Firstly, Happy New Year!  It’s here – 2022.

The Christmas holidays are a time to enjoy ourselves and our loved ones, but it can be also be a time where our children (and us) pick up or return to some unwanted, negative habits. We might overindulge during this period on food, screen time, excessive sleep (or lack of) and may also have been less active and end up, after the initial short term boost of dopamine when the festivities are over – feeling a little worse for wear.

January can be tough because it’s dark and cold (and often wet too) and the excitement and expectation of Christmas has passed.  Over Christmas our children’s bedtime routine might have gone out of the window, they’ve generally slept until they want to get up – and perhaps lounged around in pyjamas.  But now they have to be up by 7 am, have breakfast, get dressed and be presentable for school again. Kids have a lot on their plates with school, homework, and activities – it can be hard to find time for focusing on re-building good, healthy habits.

On top of this many of our children will be coping with increased pressure at school due to new Covid guidelines and isolation rules. It might be a bit of a shock to the system!

Whilst we can’t predict what guidelines might be given to us by the Prime Minister, there are some things that are in our control to support our children with creating healthy habits and supporting them with the return to the routine.

Today Youth Fairy Lisa is sharing a new habit that her family are trying to implement off the back of Christmas – reducing the amount of sugar they eat.

Lisa says:

“MY motivation for this change is high – if I reduce my sugar intake, I know that I feel better, my migraines decrease, my sleep improves, I have more energy and I also lose the extra pounds I’m carrying and reduce my chance of developing type 2 diabetes. I also have a belief that I can do this successfully, because I’ve succeeded before and seen the benefits.”

Although Lisa is raring to go her daughter is not so keen so she’s sharing some ideas she’s implementing to support the process in her household that can easily be adapted for you and your family.   Whether your are wanting to improve your children’s be sleep, organisation of homework, level of activity or something else entirely we hope these tips will support you and your kids along the way.

Lisa’s Top Tips:

  1. Start small – don’t expect to make the change overnight. We are REDUCING SUGAR but breaking it down in to small, manageable goals rather than aiming to go cold turkey. For the first 2 weeks the goal is to choose a health breakfast and once we are doing that more consistently we’ll look at the next step.
  2. Accountability – buddy up, it’s always harder to change habits on your own. Can you all go to bed half an hour earlier or all put phones away at 9 pm? We’ve got a family “star” chart on our fridge – we put a star on each day where we successfully chosen a health breakfast. If we weren’t successful, we put a heart on that day – we don’t want to beat ourselves up if we don’t succeed (but we are all quite competitive and want more stars!). Because we are aiming for…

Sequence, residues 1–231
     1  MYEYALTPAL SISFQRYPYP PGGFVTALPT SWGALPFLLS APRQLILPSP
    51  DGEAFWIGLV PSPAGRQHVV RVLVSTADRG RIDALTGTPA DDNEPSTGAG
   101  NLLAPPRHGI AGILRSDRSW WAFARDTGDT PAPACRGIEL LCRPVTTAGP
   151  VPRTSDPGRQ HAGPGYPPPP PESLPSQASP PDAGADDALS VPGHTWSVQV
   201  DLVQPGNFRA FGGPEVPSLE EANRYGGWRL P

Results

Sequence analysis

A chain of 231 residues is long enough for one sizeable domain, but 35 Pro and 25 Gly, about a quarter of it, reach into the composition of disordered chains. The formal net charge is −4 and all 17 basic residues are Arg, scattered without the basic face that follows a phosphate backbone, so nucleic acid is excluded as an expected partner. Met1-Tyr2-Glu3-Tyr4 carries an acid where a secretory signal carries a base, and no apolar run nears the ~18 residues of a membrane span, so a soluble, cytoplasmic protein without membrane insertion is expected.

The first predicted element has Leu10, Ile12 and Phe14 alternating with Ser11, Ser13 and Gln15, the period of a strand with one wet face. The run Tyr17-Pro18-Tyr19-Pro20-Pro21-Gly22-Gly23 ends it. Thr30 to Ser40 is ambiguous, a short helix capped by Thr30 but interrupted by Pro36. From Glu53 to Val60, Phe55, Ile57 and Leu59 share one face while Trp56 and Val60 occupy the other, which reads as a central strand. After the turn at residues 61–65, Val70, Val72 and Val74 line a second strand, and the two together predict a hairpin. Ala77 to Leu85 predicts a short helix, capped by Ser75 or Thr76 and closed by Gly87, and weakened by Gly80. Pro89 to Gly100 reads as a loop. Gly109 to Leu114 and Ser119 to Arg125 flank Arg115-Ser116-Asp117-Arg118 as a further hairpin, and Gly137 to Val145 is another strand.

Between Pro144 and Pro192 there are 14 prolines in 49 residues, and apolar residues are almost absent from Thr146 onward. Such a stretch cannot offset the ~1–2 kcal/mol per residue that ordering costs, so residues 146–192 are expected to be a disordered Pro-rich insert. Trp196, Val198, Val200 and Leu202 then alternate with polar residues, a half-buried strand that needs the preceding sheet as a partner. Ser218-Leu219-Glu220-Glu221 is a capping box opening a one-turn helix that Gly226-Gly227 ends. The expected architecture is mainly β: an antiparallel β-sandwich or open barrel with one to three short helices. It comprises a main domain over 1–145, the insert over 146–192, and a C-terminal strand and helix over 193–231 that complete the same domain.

3. Progression not perfection – every day we make a positive change, it is a step in the right direction (and we begin to show our brain what we want to achieve and how good we feel when we achieve it).
  4. Imagine the positive outcome. We’ve shared this in previous blogs, when we vividly imagine the outcome we want, our brain takes notice. Discuss with your children what the benefits are to them making the positive changes in habits they are hoping for.  Ask them what achieving this will then lead on to – help them see that small changes actually stack up to much bigger changes in the long run.
  5. Build on your success. When you are consistently achieving lots of ‘stars’, you can then move on to the next small step you’d like to take.  You ran for 10 minutes, three times a week for two weeks? Start running for 15 minutes. When we’ve had delicious healthy breakfasts for two weeks, we might remove the sweet treat from the lunchbox. When you are successful at your next goal, then you can increase it again.

Research on how long it takes to create a new habit varies, some say it takes just 21 days, others that it takes much longer than that and can be as much as twelve times this – on average research seems to agree it takes 66 days but can be as much as 254 days for a habit to really stick. The reality is that it varies from person to person and that it can also vary depending on the motivation and a number of other variable factors.

21 days might be enough to build the habit of going to bed earlier, but it might take longer to build the habit of running 5k three times a week (it takes more training – building strength and stamina to build this habit, and its harder work!).

So, whatever the new healthy habit you and your children decide to focus on it’s important to remember that healthy habits are built over time. With a little patience and effort, you can help your kids develop healthy routines that will last a lifetime and support your child’s success.